Tattoos are not allowed to be racist or endorse gangs. Image: Wikipedia

Tattoos may also not discriminate against national origin or religion, even if the ink is covered under a uniform.

illegal navy tattoos
Tattoos that endorse illegal substances or drug use are not allowed. Image: Inked Mag

Any body art that suggests gang affiliation or the use of illegal substances is also not permitted.

Lastly, body mutilation is not allowed in any regard in the U.S. Navy.

It includes tongue forking, skin modification (including intentional scarring), intentional burns to create designs on the skin, or any type of dental ornamentation.

Related ArticleNavy PRT Standards For Males and Females

Frequently Asked Questions (FAQ)

There are several questions that are asked frequently by people interested in joining the Navy:

Are hand, neck, or face tattoos allowed in the Navy?

Hand and neck tattoos are allowed in the Navy.

Neck tattoos were recently added to the acceptable list of Navy tattoos so long as they are below one inch in diameter.

Tattoos behind the ear are also permitted as long as the ink is not touching the ear directly.

There are some circumstances where a Navy recruiting commander may grant a waiver for having a neck tattoo that exceeds the maximum 1 inch x 1 inch dimensions.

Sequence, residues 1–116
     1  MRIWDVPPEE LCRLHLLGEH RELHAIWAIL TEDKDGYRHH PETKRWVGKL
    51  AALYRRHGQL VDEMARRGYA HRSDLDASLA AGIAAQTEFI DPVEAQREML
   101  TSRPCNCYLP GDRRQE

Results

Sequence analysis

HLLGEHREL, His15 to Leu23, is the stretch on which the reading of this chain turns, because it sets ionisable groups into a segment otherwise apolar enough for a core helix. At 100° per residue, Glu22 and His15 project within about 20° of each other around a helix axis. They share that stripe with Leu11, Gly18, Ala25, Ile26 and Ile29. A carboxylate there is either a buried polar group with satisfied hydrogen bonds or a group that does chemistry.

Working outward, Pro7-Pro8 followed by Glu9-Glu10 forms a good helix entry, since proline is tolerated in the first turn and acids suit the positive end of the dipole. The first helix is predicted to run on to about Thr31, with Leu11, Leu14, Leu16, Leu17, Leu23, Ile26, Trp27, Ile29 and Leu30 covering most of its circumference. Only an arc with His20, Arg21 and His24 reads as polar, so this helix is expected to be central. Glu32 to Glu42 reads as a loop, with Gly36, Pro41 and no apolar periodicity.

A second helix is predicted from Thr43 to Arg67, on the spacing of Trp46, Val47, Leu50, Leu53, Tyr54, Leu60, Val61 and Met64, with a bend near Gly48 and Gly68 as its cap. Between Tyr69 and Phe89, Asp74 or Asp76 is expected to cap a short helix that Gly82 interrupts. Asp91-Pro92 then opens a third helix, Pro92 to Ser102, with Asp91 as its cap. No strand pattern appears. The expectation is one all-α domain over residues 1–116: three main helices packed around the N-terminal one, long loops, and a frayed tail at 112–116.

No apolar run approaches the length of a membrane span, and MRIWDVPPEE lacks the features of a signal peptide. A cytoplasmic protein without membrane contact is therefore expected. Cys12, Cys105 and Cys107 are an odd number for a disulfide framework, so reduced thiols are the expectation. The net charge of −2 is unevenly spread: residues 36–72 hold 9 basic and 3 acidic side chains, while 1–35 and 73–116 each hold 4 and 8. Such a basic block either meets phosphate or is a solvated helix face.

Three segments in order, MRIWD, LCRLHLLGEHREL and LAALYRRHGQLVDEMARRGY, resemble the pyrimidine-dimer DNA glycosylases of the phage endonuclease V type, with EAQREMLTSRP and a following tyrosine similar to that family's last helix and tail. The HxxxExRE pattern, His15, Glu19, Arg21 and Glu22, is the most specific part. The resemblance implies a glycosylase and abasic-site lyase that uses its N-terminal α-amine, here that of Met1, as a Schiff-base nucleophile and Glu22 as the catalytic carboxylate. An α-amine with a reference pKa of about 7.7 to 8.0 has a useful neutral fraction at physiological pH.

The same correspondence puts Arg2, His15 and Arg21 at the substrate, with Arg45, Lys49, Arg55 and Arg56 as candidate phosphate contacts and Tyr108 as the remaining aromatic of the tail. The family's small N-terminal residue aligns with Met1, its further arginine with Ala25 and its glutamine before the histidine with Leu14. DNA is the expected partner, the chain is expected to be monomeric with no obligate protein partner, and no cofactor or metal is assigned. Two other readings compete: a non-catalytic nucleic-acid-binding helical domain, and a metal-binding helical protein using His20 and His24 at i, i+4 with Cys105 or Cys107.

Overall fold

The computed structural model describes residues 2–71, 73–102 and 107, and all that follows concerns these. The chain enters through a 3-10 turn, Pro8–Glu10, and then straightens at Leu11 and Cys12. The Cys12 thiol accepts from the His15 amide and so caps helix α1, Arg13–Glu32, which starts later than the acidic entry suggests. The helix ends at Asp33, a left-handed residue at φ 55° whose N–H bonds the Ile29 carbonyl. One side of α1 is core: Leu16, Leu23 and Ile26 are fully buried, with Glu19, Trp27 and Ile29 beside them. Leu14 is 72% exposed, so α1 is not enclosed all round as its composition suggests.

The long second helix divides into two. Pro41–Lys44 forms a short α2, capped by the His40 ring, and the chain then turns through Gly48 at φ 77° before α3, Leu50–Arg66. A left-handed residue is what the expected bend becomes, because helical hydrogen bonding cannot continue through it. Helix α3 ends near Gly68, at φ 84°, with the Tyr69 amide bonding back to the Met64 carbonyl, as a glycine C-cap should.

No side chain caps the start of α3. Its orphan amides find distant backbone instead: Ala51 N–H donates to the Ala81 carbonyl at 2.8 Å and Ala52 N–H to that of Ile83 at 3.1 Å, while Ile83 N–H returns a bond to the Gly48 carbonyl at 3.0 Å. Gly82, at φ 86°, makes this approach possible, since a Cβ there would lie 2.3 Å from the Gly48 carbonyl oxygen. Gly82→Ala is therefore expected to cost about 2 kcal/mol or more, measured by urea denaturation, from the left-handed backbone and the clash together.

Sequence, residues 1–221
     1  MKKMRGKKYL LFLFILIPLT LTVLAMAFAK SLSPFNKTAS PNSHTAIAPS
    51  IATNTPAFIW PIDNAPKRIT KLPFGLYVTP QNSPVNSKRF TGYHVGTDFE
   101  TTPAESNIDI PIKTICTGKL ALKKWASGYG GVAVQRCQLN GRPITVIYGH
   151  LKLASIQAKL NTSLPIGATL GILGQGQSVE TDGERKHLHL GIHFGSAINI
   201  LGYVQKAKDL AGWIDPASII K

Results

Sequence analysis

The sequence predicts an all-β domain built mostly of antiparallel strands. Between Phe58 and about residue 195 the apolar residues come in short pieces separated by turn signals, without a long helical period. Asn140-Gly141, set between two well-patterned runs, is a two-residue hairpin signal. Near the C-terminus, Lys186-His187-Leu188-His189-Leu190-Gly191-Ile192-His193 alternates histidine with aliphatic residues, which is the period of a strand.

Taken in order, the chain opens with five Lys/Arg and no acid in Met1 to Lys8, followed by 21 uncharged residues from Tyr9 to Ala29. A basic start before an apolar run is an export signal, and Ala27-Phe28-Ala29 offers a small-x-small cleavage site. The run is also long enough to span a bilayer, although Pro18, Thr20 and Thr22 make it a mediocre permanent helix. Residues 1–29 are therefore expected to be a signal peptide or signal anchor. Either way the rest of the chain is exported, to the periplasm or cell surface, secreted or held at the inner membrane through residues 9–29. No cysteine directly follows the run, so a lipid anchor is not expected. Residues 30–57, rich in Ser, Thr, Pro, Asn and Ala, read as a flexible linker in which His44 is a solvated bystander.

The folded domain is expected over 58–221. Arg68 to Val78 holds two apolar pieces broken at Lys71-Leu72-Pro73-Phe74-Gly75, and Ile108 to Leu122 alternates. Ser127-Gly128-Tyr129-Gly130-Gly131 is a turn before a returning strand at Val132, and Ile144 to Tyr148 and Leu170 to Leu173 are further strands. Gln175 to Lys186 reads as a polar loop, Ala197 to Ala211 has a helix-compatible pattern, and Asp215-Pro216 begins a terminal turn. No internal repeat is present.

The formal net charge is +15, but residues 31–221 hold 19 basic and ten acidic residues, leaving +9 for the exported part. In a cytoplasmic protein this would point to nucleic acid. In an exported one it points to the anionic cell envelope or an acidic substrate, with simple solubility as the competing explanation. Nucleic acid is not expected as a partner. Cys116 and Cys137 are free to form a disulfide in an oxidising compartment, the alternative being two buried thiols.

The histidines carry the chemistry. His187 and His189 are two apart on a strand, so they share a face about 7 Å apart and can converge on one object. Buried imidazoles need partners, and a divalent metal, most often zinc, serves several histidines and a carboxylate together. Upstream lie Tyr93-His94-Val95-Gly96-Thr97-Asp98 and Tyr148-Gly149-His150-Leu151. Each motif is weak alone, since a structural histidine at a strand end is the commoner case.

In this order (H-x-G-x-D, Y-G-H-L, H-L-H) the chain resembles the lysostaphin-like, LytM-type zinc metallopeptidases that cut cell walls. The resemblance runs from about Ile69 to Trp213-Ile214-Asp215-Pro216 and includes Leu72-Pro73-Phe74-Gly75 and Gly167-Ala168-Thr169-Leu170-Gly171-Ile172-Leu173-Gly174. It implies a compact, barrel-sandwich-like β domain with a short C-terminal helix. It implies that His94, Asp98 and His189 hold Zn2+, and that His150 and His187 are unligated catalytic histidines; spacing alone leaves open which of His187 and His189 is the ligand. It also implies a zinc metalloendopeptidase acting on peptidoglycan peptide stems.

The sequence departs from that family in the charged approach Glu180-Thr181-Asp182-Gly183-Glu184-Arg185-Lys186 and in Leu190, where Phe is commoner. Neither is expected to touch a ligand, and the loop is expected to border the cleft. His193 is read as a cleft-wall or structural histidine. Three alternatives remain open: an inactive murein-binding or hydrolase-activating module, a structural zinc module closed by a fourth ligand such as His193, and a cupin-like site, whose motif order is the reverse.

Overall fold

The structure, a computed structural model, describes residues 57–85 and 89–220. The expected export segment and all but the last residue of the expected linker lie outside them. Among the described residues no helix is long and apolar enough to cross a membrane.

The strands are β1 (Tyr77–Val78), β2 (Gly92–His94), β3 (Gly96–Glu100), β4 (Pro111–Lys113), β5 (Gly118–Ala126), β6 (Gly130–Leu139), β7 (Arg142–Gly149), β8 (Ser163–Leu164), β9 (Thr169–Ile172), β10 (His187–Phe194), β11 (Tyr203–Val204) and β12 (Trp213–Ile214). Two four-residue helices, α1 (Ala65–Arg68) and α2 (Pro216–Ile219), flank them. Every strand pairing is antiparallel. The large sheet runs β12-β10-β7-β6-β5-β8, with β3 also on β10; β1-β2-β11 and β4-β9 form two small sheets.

However, face tattoos are still NOT permitted in the United States Navy.

The same is true of the head, scalp, and ears.

Are Navy officers allowed to have tattoos?

Yes, the new Navy tattoo policy grants the same privileges to officers as enlisted personnel.

Therefore, Navy officers are allowed to have tattoos that extend below the elbow or knee, places on the body that were previously restricted prior to the updated policy.

Commanding officers also have discretion when it comes to allowing or prohibiting body art on other sailors that goes against the Navy tattoo policy for 2020.

Will the Navy pay to remove tattoos?

Unfortunately, the answer is usually no.

In the past a soldier could get funding from the military branch he or she was serving in order to remove a tattoo that was not allowed for service.

However, in 2006 the Department of Defense released a new policy that requires active duty military personnel to pay for their own tattoo removals.

There was hope along with the new Navy tattoo policy that the decision would get reversed, however, the DOD policy still remains in place.

Sailors that are ordered to have a tattoo removed by a commanding officer can get financial support yet a command-directed tattoo removal in the Navy is rare.

The good news is that since the Navy is more loose with its tattoo policy the chances of needing to remove a tattoo in order to serve the country are far less.

Can you go to the Naval Academy if you have tattoos?

The Navy Academy is located in Annapolis and prepares some of the brightest young minds for officer positions in the military branch.

In the past the restrictions against having tattoos in the Naval academy were fairly intense.

The academy has loosen some of its standards in support of the new Navy tattoo policy for 2020.

While it is still fairly frowned upon to join the Naval academy with a tattoo there are exceptions.

The official academy policy on tattoos states body art is prohibited anywhere on the body that are “prejudicial to good order, discipline, and morale, or are of a nature to bring discredit on the Naval Service”.